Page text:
Discrimination in the Name of God.

Discrimination is not a family value

Catholic Charities plans to appeal Sangamon County, Ill., Circuit Judge John Schmidt’s Aug. 18 ruling that sided with the state, which severed work with Catholic Charities after the agency refused to recognize Illinois’ civil union law. Breen an attorney for the charity also will ask the judge to reconsider, then take the matter to a state appellate court if Schmidt declines.

The overriding issue seems to be does the organizational religious rights trump individual rights when it comes to treating gay people equally. Catholic Charities maintains it has a right to practice discrimination against gay couples seeking adoption/foster care in Illinois because it is in the best interest of the Child. Clearly the issue developing is one of individual’s rights vs. institutional rights under the US Constitution.

According to a Press Release issued by the Bishop Thomas John Paprocki “The State of Illinois is actively taking steps to push Catholic Charities of the Dioceses of Belleville, Joliet, Peoria and Springfield out of foster care services, which would end a partnership that dates back to the mid-1960s with the creation of the Illinois Department of Children and Family Services. The message from the state of Illinois is simple: Organizations that only place children in accord with their religious beliefs are barred from state contracts – Catholics need not apply.”

Are religious beliefs the issue as the Bishop seems to imply or is discrimination the issue as the state maintains?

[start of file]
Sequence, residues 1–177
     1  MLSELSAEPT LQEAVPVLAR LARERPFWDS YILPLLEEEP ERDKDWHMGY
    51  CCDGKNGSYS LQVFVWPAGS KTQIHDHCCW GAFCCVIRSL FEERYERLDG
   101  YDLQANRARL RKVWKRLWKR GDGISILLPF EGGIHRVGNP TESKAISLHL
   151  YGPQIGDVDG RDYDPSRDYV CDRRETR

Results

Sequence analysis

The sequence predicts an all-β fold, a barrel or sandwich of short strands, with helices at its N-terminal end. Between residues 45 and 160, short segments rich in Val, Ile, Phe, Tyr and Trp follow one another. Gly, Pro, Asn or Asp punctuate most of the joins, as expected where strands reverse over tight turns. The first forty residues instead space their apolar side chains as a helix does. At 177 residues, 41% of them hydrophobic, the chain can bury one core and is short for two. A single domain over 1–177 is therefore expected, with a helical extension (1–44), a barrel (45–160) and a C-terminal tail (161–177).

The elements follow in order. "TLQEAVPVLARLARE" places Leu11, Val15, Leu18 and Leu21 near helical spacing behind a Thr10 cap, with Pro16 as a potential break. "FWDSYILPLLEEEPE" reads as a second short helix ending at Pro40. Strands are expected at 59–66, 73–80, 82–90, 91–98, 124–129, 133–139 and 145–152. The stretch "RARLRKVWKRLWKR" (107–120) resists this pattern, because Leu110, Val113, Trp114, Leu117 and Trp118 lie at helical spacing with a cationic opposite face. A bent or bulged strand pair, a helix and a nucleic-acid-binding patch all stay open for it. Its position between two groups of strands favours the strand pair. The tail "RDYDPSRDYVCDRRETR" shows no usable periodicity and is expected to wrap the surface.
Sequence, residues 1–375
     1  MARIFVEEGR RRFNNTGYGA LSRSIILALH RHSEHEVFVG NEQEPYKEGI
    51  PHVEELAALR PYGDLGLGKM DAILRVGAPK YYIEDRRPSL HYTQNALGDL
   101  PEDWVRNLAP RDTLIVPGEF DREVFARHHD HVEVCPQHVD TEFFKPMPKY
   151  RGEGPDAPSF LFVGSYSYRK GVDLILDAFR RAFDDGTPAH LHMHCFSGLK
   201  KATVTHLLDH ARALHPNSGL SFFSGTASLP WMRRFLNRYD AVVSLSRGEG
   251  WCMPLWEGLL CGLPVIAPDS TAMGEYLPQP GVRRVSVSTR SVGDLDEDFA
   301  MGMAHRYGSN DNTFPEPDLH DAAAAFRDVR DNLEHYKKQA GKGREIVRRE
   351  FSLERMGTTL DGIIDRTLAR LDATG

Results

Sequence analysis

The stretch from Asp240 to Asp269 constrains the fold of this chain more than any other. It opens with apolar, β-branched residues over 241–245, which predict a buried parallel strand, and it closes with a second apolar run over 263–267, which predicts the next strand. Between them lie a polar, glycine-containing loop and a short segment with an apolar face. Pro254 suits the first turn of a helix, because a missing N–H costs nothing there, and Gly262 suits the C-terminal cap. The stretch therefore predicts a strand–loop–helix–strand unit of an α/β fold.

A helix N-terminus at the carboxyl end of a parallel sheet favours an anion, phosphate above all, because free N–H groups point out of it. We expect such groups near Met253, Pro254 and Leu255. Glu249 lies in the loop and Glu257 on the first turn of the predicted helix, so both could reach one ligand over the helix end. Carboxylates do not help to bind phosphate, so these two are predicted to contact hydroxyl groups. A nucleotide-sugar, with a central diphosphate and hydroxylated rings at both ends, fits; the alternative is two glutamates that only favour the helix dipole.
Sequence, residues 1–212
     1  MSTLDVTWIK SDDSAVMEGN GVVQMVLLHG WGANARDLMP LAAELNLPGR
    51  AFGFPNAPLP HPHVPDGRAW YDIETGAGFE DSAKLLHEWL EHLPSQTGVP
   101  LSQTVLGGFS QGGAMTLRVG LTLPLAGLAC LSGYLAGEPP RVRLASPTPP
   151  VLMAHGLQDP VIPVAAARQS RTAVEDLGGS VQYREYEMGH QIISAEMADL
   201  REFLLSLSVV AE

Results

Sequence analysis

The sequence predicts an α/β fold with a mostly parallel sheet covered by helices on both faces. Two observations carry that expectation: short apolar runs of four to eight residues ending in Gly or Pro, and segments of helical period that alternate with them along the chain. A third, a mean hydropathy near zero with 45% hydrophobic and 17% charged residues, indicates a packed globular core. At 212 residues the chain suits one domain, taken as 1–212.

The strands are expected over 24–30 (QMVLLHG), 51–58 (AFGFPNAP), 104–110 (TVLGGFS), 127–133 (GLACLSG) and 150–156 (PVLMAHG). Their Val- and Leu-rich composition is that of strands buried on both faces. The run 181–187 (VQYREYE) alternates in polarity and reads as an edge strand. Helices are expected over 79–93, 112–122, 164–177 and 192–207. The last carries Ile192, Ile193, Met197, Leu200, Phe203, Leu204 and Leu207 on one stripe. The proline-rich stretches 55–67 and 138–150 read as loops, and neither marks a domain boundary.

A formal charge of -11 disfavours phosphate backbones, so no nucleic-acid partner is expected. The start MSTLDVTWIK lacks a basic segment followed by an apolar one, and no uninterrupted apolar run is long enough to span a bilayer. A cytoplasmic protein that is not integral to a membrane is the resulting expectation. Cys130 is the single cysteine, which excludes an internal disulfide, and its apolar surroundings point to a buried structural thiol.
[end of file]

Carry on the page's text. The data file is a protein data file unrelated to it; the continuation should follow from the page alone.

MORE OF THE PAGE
Catholic Charities has argued that it developed a “property interest” in the work after 40 years of annually renewed contracts with the state, and that the agency should be able to object to state action.

But in his ruling, Schmidt said no one, including Catholic Charities, has a legal right to a contract with state government. He did not address the more sensitive issue of whether a state contractor that refuses to serve gays and lesbians is violating the state’s new civil union’s law.

Kendall Marlowe, a state Department of Children and Family Services spokesman, said the department had no immediate reaction to Catholic Charities’ plan to appeal. A spokeswoman for the Illinois attorney general’s office, which represented the DCFS, declined to comment Monday.

The outcome of this appeal will affect the rights of individuals over institutional rights. Clearly in other jurisdictions such as Washington, DC, and Boston the courts ruled in favor of individual rights. The sad outcome of this situation is Catholic Charities reputation is being ruined while its attorneys try to tap dance around the issue with legal smoke and mirrors.

It is time to move the legal dispute from Gay rights vs. religious freedom to gay rights and religious freedom. In the context of Gay Marriage and Religious freedom this debate should not be seen as competing interests rather a promotion of discrimination over equality under the law. At stake is the promotion of discrimination in name of religious freedom.

Nicole Anderson
Rainbow Sash Movement

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